Tuesday, 14 November 2006

Blue Mosque

So many words have been written about this mosque, and of course, comparisons made betwen it and Aya Sofya (usually in the latter's favour), that it's pretty impossible to add more. I do love visiting here because it is a working mosque.

This Turkish style of mosque has been copied in one of Sydney's mosques - the Gallipoli Mosque at Auburn. It serves a mainly Turkish community.

Tuesday, 10 October 2006

Aya Sofya

Looking towards the Aya Sofya from the Blue Mosque.

Interior gallery

View looking out from gallery

Aya Sofya 13 July 1989

Arguably İstanbul's most famous building. There are a million photos of it, so in my most recent trip I tried to take some "different" ones, hence the dark spaces in the Gallery.

Inside is simply astounding, and I stare in awe at the architectural miracle that enabled this to be finished in 537. How does that central dome soar above with seemingly no support? [By the way, it has been replaced several times after earthquakes] The answer is that it is supported by 40 massive ribs constructed of special hollow bricks, made in Rhodes, resting on four huge pillars concealed in the interior walls. Almost 1000 years later, the great architect, Sinan, used the same technique in designing the Süleymaniye Mosque.

It was the greatest Christian church of all until 1453, when Mehmet the Conqueror turned it into a mosque. Being equally as significant to Christians and Moslems, I think Atatürk did the right thing turning it into a museum in 1934, so everyone can appreciate its magnificence.

Uncovering the mosaics (covered in plaster, but not destroyed, during the Islamic period) and restoration continues, and there is usually scaffolding, but that does not detract from a visit to this World Heritage site.

Saturday, 7 October 2006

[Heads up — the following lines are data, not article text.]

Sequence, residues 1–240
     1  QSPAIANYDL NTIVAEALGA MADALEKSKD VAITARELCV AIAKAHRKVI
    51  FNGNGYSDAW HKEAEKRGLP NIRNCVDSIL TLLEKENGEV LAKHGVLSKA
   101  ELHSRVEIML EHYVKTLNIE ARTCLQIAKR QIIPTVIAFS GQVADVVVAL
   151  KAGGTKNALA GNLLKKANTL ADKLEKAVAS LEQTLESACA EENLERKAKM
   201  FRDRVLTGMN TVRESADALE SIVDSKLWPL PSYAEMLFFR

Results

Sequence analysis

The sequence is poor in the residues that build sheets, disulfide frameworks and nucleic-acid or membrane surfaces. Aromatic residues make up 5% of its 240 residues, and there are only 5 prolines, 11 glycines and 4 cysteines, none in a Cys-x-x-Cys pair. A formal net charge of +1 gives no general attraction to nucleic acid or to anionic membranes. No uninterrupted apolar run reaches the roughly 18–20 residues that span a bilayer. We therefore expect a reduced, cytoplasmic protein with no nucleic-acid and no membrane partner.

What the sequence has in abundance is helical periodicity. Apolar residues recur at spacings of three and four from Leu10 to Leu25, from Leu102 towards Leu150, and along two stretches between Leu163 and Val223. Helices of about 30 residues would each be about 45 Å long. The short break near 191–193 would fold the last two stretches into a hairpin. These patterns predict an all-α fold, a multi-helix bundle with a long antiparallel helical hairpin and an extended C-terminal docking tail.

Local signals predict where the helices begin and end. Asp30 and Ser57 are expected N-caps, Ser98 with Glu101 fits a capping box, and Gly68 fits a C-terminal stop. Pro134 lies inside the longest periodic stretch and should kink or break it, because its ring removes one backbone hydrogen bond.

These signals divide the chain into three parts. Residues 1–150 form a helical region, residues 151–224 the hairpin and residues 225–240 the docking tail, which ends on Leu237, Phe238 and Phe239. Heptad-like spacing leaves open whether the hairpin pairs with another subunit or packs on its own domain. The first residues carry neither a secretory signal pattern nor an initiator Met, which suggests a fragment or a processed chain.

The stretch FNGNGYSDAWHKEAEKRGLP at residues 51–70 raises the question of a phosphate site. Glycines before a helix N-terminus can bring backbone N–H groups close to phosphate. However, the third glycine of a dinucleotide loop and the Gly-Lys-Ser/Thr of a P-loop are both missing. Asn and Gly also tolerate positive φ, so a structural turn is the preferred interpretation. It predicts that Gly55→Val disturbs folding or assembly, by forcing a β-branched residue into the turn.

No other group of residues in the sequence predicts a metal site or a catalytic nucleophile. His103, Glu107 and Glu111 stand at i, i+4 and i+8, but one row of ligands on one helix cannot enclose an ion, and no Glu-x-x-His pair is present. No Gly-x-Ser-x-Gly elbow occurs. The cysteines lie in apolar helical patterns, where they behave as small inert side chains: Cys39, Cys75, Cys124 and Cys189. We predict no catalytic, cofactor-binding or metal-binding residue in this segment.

Topkapı Palace

I didn't visit Topkapı this time. It's well worth it for the first, or second time visitor, but in this trip there was limited time. Here's some photos from 1990 and 1991.

Topkapı was begun in 1453 by Memhmet the Conqueror, and housed Sultans until Mahmut II (1808-1839), when the sultans built newer, more European style palaces along the Bosphorus. Along the way Topkapı was home to Selim the Sot, who drowned in the bath after drinking too much champagne, Ibrahim the Mad and Roxelana, the beautiful partner of Süleyman the Magnificent. And centuries of intrigue and espionage.

Inside the Harem - the Imperial Antechamber (Hünkar Sofası)

The area of the Fourth Court

Topkapı Gardens

Friday, 6 October 2006

Museum of the Ancient Orient

In the same complex as the Archaeology Museum and Tiled Kiosk, it houses treasures of pre-Hittite and pre-Islamic empires.

A copy of the oldest peace treaty, the Kadesh Treaty, drawn up in the 13th century BC between the Egyptians and Hittites.

These glazed panels once lined the processional street and Ishtar gate of ancient Babylon from the time of Nebuchadnezzar II (605 - 562 BC)

Tuesday, 26 September 2006

Tiled Kiosk (çinli Kösk) of Sultan Mehmet the Conqueror

Until recently, closed for renovation, I was thrilled to finally see this museum. Turkish ceramic art is one of my favourite things.

The Lonely Planet Istanbul Guide says:
This building is thought to be the oldest surviving non-religious building in İstanbul. It was built in 1472 as an outer pavilion of the Topkapı Palace. It was used for watching sporting events. The recessed doorway area is covered with tiles – sometimes with white calligraphy on blue. The geometric patterns and colour of the tiles –turquoise, white, black – on the façade show Selcuk influence.

Much of the interior of the kiosk is covered with triangular and hexagonal tiles of brown, green, yellow and blue.

Much of the exhibition features İznik tiles from the 17th and 18th centuries.

Thursday, 14 September 2006

Archaeological Museum

This is one of my favourite museums. It’s very close to the much more popularly visited Topkapı Palace.

This is part of the chain that the Byzantines stretched across the Golden Horn to keep out the Ottomans as they laid siege to Constantinople in 1453. It forms part of the İstanbul Through the Ages exhibition. (Actually, last time I saw this I thought it as at the Askerı (Military) museum, but things might have moved around - or there's two bits; certainly the Archaeological Museum has undergone a massive refurbishment in recent times - I always liked it, now it is outstanding.)

Part of the Tiled Kiosk, and the cafe

Giant earthenware pots, and worker cleaning the cases.

Piero at the cafe, 13 August 1989.

Saturday, 9 September 2006

İstanbul transport - big buses

Bus routes are numerous. This is the bus terminus at Taksim. Tickets can be bought at the white booths on the left.